Planning in Canberra is coming of age. Planners and urban designers no longer just carve up greenfield sites on the fringes, but also have to consider issues associated with urban renewal.
The City West Master Plan, released recently by the ACT Planning and Land Authority (ACTPLA), begins to address the key issues facing Canberra’s city centre by encouraging employment; revitalising ageing, poor quality building space; increasing the residential population; and improving traffic, parking, cycling, public transport, legibility and accessibility.
City West is located between the Australian National University (ANU), Lake Burley Griffin and City East. City West has the potential to become a vibrant place in the tradition of Lygon Street and Newtown, where business thrives and a special character develops between the city and university. The plan brings ‘town and gown’ together by building on cultural, economic and social opportunities that are present.
From the outset, the plan and the approach to its development were conceived to be different to continue the planning experiment. It was important that the plan provide a framework for decisions, rather than a ‘blueprint’. The plan had to take account of the fourth dimen-sion that brings changes in political processes and economic cycles. The plan is an attempt to create a robust urban form based on commun-ity, design and planning values that are timeless.
The plan was prepared in collaboration with the community and government agencies, and involved substantial expert input from a team of specialist consultants, and a taskforce of locally and nationally recognised urban designers and planners. Through this process, three goals were developed to guide the revitalisation of City West that aim to: make the area a model for sustainable urban development; build an identifiable community spirit; and demonstrate ‘leading edge’.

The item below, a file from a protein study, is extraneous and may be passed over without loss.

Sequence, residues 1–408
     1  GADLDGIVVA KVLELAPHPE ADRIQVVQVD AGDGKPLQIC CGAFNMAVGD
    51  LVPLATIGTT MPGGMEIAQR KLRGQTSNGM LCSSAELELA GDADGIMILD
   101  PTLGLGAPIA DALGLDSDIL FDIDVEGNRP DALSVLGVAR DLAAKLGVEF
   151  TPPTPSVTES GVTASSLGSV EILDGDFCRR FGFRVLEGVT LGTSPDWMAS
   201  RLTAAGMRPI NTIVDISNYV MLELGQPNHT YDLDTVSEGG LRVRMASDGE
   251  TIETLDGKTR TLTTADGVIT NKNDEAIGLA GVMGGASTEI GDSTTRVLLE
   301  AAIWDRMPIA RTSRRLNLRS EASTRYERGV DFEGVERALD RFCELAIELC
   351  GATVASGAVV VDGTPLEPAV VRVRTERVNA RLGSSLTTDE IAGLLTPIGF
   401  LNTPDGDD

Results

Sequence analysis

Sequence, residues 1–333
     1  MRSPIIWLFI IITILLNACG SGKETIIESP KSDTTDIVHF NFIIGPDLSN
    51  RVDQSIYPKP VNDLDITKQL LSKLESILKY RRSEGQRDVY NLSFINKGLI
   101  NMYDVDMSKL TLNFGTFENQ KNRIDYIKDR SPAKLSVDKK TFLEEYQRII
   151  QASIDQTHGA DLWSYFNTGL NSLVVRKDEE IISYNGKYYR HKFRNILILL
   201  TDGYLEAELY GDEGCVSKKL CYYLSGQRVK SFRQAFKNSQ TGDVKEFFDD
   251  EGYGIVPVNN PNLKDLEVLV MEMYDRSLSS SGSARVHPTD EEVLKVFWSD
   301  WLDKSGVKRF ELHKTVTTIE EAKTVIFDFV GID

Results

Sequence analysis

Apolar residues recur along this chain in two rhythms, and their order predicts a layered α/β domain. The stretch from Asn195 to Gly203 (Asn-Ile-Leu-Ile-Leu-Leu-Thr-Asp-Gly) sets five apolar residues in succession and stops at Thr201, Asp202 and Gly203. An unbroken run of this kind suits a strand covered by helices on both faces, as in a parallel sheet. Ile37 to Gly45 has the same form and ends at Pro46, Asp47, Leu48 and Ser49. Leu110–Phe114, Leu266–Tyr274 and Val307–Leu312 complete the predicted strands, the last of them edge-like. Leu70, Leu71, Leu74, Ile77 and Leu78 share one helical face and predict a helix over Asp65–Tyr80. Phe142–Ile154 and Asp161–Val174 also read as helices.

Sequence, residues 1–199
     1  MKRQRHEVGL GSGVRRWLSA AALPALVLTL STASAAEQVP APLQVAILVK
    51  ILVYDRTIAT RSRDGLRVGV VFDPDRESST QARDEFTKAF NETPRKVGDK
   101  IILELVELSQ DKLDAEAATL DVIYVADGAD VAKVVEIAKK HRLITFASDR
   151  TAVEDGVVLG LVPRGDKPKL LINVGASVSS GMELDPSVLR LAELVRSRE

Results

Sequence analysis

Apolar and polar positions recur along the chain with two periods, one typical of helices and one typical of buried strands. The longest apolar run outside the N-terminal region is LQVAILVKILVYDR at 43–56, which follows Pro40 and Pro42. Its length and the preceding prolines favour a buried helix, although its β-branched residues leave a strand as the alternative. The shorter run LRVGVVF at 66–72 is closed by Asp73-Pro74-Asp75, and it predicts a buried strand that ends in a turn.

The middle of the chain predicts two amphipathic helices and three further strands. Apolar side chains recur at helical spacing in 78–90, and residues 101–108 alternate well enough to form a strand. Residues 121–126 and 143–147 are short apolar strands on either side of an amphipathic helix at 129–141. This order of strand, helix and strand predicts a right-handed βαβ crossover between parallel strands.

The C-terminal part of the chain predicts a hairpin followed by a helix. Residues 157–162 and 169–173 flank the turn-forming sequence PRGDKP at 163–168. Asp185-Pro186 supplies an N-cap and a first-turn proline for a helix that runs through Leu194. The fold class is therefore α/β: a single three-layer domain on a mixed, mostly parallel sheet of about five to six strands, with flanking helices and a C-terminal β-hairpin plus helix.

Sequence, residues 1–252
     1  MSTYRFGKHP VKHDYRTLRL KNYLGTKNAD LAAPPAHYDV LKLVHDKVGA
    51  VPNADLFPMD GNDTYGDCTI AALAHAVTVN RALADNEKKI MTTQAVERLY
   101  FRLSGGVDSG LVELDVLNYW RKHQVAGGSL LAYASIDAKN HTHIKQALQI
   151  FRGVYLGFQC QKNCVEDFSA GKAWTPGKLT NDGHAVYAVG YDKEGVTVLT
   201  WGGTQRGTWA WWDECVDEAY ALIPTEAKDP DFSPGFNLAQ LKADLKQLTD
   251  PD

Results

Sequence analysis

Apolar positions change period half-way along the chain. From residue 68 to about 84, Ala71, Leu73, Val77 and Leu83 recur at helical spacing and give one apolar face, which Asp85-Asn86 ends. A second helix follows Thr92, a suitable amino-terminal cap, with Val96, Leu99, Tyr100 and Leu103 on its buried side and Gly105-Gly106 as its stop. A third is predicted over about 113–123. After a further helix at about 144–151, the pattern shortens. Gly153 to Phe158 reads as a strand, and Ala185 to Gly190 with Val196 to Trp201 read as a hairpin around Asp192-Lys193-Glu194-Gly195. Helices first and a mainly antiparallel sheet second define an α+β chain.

Principles form the organising or spatial framework of the plan. The principles: reinforce the essential elements of Griffin’s design; establish a street and block structure that is permeable and legible; create a hierarchy of open spaces; strengthen the character of the distinct land use precincts; ensure the built form reflects the street pattern and precinct characters; and ensure development is sustainable in design and management.
Guidelines set out the urban design qualities required of future development for each precinct, and a minimum level of sustainable performance. The guidelines will assist upfront: with preparing lease and development conditions; expediting site release; designing buildings, precincts and open spaces; and assessing development applications.
Key initiatives in the plan will be taken up in the Central Canberra Implementation Program. ACTPLA successfully secured capital works funding for upgrading the public realm of the Childers Street Precinct near the ANU to create an ‘eat street’ character and venue for events. The revamp of the precinct will establish a new paradigm in the way public spaces are designed, used and managed. The plan can be viewed on the ACTPLA website.
Gay Williamson (Manager) and Trina Stiff (Senior Urban Planner) are from the Urban Design and Projects Team of the ACT Planning and Land Authority, Canberra.